Yet the JCF theorists try to solve one problem (the over-dependence on behaviorism) and inadvertently create another. They abandon behavioral descriptions of the functions for more sterile conceptual architectures. No behavior –they suggest– is definitively indicative of a function. Instead the focus is turned to “how” information is being metabolized. To that end, each theorist puts forward his or her idea of what this metabolism is like. Here are just a few different definitions we might find:
|Michael Pierce||Ti: Forming judgments about a thing’s subjective functionality in the mind of the individual||Te: Forming judgments about a thing’s objective functionality in the world|
|Dave Powers||Ti: Reasons that are focusing on one specific area, according to their identity||Te: Reasons that are focused on a wider area, according to the priorities of the tribe|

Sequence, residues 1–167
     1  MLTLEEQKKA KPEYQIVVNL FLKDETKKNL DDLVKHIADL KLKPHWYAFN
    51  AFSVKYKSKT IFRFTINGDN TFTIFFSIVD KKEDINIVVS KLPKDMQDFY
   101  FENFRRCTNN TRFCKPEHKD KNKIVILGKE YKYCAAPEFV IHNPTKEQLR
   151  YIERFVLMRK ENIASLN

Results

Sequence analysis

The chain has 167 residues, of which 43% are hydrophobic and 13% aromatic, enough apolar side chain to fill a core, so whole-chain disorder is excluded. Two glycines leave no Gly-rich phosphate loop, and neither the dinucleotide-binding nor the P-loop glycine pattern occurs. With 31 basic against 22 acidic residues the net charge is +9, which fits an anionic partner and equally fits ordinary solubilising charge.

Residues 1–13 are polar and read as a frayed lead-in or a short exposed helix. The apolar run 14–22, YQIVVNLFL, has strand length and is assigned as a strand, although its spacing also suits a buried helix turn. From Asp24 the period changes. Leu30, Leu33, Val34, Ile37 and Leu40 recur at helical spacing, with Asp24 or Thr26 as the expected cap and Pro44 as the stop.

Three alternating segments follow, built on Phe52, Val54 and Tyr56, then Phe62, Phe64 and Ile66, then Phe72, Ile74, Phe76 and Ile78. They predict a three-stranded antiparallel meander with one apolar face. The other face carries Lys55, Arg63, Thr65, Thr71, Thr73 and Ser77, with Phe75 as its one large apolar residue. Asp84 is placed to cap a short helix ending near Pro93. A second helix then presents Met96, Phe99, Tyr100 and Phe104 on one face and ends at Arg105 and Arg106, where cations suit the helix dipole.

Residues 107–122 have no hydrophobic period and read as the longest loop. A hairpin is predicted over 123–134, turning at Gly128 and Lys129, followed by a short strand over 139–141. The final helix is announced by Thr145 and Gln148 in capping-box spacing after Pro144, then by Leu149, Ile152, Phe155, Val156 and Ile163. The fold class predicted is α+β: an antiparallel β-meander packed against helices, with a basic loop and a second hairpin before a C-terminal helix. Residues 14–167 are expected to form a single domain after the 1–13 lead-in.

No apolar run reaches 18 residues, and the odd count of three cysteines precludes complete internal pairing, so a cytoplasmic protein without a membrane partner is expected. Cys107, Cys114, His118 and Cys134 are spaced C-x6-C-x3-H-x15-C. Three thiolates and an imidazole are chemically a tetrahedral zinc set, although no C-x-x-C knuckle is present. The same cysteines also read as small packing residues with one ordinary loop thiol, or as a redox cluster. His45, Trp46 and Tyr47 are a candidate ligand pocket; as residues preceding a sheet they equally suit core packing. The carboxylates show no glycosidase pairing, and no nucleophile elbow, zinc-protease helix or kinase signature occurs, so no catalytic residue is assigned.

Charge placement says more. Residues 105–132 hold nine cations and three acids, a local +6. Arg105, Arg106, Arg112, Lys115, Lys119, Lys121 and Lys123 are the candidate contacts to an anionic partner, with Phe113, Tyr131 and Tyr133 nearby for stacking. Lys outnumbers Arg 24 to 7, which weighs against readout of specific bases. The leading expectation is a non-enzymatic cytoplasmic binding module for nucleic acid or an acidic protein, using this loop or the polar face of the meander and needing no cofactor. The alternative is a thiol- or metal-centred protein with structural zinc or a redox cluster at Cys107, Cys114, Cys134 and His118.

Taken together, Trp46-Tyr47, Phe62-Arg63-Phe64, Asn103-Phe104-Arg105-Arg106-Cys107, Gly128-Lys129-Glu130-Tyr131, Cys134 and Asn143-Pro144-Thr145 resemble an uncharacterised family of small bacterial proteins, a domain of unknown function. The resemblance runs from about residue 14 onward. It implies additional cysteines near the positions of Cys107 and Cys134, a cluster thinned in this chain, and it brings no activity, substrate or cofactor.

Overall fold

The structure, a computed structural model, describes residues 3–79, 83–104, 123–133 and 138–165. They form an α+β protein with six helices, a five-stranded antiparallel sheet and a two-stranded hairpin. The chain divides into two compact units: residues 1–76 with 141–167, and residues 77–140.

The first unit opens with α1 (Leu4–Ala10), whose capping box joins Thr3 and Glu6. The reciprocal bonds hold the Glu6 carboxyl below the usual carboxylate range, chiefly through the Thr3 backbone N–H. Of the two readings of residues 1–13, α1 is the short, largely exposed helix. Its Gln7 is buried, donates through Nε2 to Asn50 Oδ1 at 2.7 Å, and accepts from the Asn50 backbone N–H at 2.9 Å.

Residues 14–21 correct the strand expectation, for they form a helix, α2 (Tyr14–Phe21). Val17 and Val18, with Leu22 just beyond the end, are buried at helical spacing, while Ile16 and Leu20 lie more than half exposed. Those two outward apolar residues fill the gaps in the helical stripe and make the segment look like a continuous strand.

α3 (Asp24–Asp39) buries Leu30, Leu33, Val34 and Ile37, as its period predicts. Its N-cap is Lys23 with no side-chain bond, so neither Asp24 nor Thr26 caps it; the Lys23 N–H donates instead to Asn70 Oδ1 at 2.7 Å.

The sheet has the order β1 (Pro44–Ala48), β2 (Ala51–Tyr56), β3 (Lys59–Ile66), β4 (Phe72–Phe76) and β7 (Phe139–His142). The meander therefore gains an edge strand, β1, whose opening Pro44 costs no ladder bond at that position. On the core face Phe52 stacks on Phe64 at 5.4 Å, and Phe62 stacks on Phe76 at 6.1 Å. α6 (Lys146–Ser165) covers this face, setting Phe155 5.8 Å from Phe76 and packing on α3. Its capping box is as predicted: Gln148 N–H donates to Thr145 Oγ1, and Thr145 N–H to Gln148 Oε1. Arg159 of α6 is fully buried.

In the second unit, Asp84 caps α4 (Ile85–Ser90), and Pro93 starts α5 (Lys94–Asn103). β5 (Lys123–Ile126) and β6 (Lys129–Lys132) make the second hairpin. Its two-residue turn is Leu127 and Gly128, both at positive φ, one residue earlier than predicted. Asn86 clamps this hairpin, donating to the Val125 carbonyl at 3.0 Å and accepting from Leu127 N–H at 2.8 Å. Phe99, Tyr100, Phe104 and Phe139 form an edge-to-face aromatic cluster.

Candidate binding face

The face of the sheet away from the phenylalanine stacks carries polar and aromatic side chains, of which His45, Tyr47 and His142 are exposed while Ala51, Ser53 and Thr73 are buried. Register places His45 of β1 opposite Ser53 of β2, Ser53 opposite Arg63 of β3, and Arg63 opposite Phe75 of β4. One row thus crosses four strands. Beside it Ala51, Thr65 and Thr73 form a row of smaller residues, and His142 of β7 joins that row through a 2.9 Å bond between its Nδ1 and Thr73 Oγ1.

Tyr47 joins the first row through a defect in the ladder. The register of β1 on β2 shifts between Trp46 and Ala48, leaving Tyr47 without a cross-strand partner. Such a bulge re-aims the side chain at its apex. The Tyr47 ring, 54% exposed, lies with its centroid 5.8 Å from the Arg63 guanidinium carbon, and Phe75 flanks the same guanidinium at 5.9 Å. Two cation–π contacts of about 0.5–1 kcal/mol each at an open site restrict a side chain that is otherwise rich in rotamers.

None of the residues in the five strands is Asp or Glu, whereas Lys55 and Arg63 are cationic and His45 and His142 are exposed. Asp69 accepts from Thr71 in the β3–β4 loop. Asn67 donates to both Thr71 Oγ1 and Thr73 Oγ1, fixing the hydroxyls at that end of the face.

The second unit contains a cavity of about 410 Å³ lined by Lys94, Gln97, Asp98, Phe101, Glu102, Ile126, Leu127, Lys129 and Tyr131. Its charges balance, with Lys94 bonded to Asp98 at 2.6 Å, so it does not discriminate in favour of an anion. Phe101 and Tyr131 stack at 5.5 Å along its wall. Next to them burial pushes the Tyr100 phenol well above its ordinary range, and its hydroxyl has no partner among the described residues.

|Sociotype.com||Ti is generally associated with the ability to recognize logical consistency and correctness, generate and apply classifications and systems, organize systematic and conceptual understanding||Extroverted logic deals with the external activity of objects, i.e the how, what and where of events, activity or work, behaviour, algorithms, movement, and actions.|
|Lenore Thompson||Ti makes sense of the world by apprehending it in terms of effects emerging from a cause, or a harmony of elements. For example, the way a beautifully made desk appears to emerge from a single idea.||Te makes sense of the world by viewing things “objectively”: in terms of categories and measurements that can be defined in advance of observation.|